As HH said, this is probably a misinterpretation/mismanagement from the desk jockeys. I have met the director of Dafeng school before and he seemed like a very reasonable guy, as well as the staff. The school overall seemed very open to the diversity of nationalities in the area -I have several Latino and Vietnamese neighbors whose kids go there, and they were OKish. They are of the few schools that I know of that have special resources allocated to foreign children integration. Maybe they had a budget cut?

Which reminds me: this year the government votes on a budget decided last year by the previous Adminsitration. hence, their hands are tied.
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Re: New regulations mean foreigners are excluded from public schools in Taiwan

Postby Liam Og » 31 May 2016, 12:54

Icon wrote: this is probably a misinterpretation/mismanagement from the desk jockeys.


I agree with what people are saying, thanks for all the advice. The problem was stemming immediately from the enrollment guidelines they were following on the day. Those were - I presume - written by a New Taipei civil servant, and not necessarily reflected in actual legislation.

My wife had the idea to go to the blue news channel - if it came to that - because they are in national opposition so might be more likely to go with that kind of story. However the KMT are at the head to the New Taipei government.

In any case we are not going to give up on the problem yet. I said that because I was feeling bad after the experience at the weekend, but I don't think we are likely to get this kind of unfair treatment in the long run.
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Re: New regulations mean foreigners are excluded from public schools in Taiwan

Postby headhonchoII » 31 May 2016, 13:03

In reality you will probably get better treatment than my kids
In the long run. That's what I'm betting. The system isn't fair here . You know only 5% of kids have access to public kindergarten places right?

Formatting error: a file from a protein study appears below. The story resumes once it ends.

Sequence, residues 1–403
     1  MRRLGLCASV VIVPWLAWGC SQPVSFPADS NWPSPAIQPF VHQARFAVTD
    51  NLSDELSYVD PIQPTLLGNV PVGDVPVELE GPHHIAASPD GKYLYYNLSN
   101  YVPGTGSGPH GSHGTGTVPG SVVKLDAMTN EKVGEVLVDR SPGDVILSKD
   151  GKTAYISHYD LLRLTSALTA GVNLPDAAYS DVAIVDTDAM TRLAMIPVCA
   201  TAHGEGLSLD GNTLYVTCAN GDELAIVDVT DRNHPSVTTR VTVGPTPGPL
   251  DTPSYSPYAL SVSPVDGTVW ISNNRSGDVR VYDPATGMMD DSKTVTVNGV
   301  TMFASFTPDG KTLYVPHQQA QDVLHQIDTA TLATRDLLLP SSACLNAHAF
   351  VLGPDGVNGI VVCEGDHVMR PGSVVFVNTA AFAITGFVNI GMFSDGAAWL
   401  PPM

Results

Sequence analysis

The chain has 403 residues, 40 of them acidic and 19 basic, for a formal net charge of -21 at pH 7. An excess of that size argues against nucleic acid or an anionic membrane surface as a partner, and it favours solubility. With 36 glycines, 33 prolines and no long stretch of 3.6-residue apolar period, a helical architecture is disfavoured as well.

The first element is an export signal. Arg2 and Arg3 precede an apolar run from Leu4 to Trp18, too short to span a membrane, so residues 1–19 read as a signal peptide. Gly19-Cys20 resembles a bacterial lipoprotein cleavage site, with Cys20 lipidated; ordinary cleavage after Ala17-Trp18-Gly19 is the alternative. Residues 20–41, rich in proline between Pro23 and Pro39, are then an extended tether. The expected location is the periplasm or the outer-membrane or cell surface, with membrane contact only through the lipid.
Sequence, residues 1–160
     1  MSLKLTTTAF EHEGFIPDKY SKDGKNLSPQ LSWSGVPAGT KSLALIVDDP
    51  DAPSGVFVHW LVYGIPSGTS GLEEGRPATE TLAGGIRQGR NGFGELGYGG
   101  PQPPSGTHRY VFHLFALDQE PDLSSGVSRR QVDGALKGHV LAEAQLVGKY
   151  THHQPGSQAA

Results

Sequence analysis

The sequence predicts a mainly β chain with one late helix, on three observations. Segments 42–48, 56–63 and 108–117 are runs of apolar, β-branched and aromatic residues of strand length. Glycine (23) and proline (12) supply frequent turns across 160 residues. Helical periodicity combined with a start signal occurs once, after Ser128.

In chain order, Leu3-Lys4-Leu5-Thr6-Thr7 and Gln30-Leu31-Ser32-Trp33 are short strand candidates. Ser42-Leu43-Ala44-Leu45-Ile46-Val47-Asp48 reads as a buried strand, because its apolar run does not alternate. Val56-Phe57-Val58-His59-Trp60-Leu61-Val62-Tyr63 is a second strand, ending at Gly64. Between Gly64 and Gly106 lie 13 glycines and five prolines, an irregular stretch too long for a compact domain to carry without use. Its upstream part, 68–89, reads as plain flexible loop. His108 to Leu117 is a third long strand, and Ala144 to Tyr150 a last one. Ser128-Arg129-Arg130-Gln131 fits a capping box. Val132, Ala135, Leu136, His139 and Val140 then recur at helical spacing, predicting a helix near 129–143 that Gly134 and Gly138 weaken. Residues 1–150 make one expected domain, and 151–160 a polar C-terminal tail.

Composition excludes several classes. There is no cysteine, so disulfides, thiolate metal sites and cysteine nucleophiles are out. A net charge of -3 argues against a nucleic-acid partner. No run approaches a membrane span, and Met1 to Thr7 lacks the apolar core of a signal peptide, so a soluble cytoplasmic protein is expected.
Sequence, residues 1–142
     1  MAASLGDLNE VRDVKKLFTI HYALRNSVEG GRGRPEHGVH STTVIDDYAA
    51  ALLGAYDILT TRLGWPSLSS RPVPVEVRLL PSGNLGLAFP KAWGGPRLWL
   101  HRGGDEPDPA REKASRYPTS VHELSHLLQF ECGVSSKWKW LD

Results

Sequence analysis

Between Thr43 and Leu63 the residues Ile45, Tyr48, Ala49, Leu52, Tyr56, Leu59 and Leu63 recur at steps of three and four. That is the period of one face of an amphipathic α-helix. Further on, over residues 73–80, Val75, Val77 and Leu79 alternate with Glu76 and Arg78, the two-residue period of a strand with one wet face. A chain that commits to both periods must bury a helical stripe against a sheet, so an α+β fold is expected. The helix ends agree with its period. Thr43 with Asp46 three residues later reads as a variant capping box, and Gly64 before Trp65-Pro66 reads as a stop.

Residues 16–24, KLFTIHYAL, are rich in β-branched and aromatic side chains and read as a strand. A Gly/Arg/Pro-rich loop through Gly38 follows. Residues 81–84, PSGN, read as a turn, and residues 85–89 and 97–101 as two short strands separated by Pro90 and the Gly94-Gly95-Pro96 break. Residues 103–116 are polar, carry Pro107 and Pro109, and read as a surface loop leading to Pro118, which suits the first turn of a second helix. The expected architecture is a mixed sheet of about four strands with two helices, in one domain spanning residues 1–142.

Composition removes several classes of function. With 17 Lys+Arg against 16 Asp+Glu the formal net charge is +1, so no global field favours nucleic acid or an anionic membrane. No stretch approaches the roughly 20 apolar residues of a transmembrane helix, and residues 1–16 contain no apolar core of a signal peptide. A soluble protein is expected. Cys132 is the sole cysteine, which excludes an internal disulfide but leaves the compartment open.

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Re: New regulations mean foreigners are excluded from public schools in Taiwan

Postby Liam Og » 08 Jun 2016, 22:14

Just to let people know the outcomes of this story:

The public officials got back to us after six days by texting the same line as in the enrollment form "locals enroll first, foreigners can apply to left over places etc"

On a happier note we found a private kindergarten at an affordable price, so I am happy that he can attend that school for the next year or two. Its a better deal than we would have gotten in my home country, where there is no public kindergarten.

In the meantime I am going to send a letter to the major Eric Chu to point out the issue, and to express the hope that things can be made more fair. Affecting Taiwan's image as a fair society, discouraging foreign nationals needed by the economy etc etc I am not planning on going to go to the TV news, unless we come up against the same thing when it is elementary school time.

Thanks for all the good advice!
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Re: New regulations mean foreigners are excluded from public schools in Taiwan

Postby headhonchoII » 08 Jun 2016, 23:00

You never made it clear that it was kindergarten you were applying to. Public kindergarten places are almost impossible to get. I feel we have wasted our time helping you because you've been economical with
Your information here.
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Re: New regulations mean foreigners are excluded from public schools in Taiwan

Postby Liam Og » 09 Jun 2016, 09:45

headhonchoII wrote:we have wasted our time helping you.


You and the queen is it?